Connect with us

Hi, what are you looking for?


Green Economy

BrightSource Splits Utility-Scale Solar Site With Giant Housing Developer

[social_buttons]It is easy enough for solar companies to sign contracts under new RPS laws requiring utilities to buy more and more renewable energy. But building any new power sites or transmission is fraught with difficulties, even when these are for a societal good like renewable energy.

But BrightSource has been creative in finding sites for its utility-scale solar thermal plants. Here’s a new example.

They have just made a deal with Nevada housing developer Coyote Springs Land Company to site a 960 MW solar thermal plant on 12 square miles of a 43,000 acre housing development planned before the economic real estate apocalypse. Some solar was part of Coyote’s original plan for its golfing community 50 miles north of Las Vegas, but not 12 square miles of it!

Now with housing in free-fall, the expertize of housing developers comes in handy to help us meet the need for more renewable energy. Solar power developers could piggyback on the experience of housing developers with the know-how to get through red tape.

This could be how renewable power overcomes siting hurdles – and how the construction industry digs its way out of a deep recession. A marriage made in heaven.

Indeed, Coyote says it has been in talks with additional solar companies and is considering sectioning off even more of its planned housing development for solar. Transmission line access at Coyote Springs has been secured.

While BrightSource’s solar thermal technology requires relatively little water, it does need some, and the development already has ensured enough water rights to handle additional solar. Combining both uses, for energy and recreation works well as reclaimed water can be recirculated from the golf course to the solar arrays.

It makes sense to develop more land for the necessity of renewable energy, and to reduce the land allocated to a luxury. Golf courses are expendable.

BrightSource has agreements with Southern California Edison totaling 1,300 megawatts, and a 1,310 megawatt series of agreements with PG&E to meet Renewable Portfolio Standards in California.

A previous site that has become problematic for BrightSource was its Broadwell Dry Lake area in California. The 500 MW solar thermal plant site is apparently being eyed for a national monument. Last week BrightSource gave up on that site. But the company has signed contracts with PG&E for power so the company is looking at less pristine spots – that are already marked by development.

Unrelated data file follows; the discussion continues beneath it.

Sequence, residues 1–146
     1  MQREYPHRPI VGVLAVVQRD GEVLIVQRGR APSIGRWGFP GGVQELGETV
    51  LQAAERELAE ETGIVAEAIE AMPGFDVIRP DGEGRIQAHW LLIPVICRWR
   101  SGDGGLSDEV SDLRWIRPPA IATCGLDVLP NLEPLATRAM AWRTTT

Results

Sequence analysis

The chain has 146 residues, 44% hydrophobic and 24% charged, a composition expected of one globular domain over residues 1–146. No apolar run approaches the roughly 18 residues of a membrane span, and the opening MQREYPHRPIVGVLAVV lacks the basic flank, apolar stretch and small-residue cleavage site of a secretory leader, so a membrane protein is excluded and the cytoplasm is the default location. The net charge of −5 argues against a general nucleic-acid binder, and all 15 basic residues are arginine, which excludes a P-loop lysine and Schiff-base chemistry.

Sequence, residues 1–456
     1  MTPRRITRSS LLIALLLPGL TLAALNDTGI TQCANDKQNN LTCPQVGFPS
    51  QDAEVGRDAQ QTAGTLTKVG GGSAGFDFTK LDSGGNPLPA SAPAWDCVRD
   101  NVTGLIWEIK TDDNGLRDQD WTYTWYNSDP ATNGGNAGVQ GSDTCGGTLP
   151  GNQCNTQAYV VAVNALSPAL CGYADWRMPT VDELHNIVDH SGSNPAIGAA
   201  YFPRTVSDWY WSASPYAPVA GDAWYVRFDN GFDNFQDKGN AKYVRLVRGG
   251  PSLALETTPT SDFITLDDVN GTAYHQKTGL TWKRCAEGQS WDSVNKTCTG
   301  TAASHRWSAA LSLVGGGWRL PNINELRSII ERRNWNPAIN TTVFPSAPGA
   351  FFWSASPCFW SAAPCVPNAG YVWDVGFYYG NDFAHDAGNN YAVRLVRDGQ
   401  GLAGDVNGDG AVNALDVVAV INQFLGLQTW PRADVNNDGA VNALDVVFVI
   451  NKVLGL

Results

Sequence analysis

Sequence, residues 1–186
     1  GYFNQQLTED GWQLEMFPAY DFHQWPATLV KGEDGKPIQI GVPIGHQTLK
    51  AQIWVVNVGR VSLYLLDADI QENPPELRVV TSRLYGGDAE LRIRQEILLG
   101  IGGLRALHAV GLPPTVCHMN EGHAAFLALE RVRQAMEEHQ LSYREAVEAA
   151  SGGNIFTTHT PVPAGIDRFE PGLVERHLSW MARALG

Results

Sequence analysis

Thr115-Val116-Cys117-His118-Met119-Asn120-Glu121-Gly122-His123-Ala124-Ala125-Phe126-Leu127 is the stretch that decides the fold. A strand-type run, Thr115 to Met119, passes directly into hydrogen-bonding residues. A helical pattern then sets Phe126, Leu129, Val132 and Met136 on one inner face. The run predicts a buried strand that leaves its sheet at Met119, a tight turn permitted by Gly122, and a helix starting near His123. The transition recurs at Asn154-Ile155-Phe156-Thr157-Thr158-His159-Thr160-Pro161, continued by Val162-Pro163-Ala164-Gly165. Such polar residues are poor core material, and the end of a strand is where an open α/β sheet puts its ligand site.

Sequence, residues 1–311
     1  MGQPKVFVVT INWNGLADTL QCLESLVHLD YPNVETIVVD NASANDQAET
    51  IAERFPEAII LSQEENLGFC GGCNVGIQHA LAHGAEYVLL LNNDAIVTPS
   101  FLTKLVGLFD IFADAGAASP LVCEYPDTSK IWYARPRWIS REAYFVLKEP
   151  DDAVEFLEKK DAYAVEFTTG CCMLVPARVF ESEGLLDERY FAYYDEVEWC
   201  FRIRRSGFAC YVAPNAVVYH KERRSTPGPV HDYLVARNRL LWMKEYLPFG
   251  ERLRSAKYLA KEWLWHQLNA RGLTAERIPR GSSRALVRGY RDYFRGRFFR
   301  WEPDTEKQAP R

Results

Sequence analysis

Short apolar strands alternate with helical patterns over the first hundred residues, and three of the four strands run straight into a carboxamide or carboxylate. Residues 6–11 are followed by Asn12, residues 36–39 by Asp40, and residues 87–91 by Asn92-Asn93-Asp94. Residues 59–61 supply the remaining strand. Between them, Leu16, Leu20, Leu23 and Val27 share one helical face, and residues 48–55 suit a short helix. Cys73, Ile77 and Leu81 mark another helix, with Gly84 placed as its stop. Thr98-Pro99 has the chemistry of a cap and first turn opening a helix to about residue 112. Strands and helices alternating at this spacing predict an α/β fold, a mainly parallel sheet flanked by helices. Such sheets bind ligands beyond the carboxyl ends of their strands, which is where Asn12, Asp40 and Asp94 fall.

The shared site with the developer is one way around the problem.

Another way is to look for already developed land. BrightSource is partnering with engineering, procurement and construction contractor giant Bechtel to build a 400 MW solar thermal site at Ivanpah. This is near a casino area in Nevada, and already has two major transmission lines, a natural gas pipeline; and is right next to a natural gas electric power plant.

Both off-road bikers and cattle farming have already thoroughly trampled the environment, so there is unlikely to be any conservationist uproar there.

However, it would be a shame if solar was relegated to desert areas where there is no ground cover to hold the dust down. The dust that desert cattle farming causes is a problem for solar efficiency, requiring more frequent rinses to keep panels clean. Water is already scarce, and never going to be freely available in the West and Southwest as our climate keeps warming.

Related stories:

California Adds 8,600 MW of New Renewable Energy; Meets RPS Goals

US Must Socialize Grid to Add More Renewable Energy

Image: BrightSource

Appreciate CleanTechnica’s originality and cleantech news coverage? Consider becoming a CleanTechnica Member, Supporter, Technician, or Ambassador — or a patron on Patreon.
Have a tip for CleanTechnica, want to advertise, or want to suggest a guest for our CleanTech Talk podcast? Contact us here.

Written By

writes at CleanTechnica, CSP-Today and Renewable Energy World.  She has also been published at Wind Energy Update, Solar Plaza, Earthtechling PV-Insider , and GreenProphet, Ecoseed, NRDC OnEarth, MatterNetwork, Celsius, EnergyNow, and Scientific American. As a former serial entrepreneur in product design, Susan brings an innovator's perspective on inventing a carbon-constrained civilization: If necessity is the mother of invention, solving climate change is the mother of all necessities! As a lover of history and sci-fi, she enjoys chronicling the strange future we are creating in these interesting times.    Follow Susan on Twitter @dotcommodity.


#1 most loved electric vehicle, solar energy, and battery news & analysis site in the world.


Support our work today!

Power CleanTechnica: $3/Month

Tesla News Solar News EV News Data Reports




Tesla News

EV Reviews

Home Efficiency

You May Also Like

Policy & Politics

Ocean Conservancy scientists estimate that newly passed California law will eliminate 23 million tons of plastics in the next 10 years — equivalent to...


California has decided to tax lithium produced from the Salton Sea area, which may have a negative impact on industry.

Clean Power

RMI releases climate scorecards that track progress of six key US states based on climate commitments and greenhouse gas emissions

Clean Transport

One of the biggest challenges with the transition to electric vehicles is making the transition as equitable as possible. As with most new tech,...

Copyright © 2021 CleanTechnica. The content produced by this site is for entertainment purposes only. Opinions and comments published on this site may not be sanctioned by and do not necessarily represent the views of CleanTechnica, its owners, sponsors, affiliates, or subsidiaries.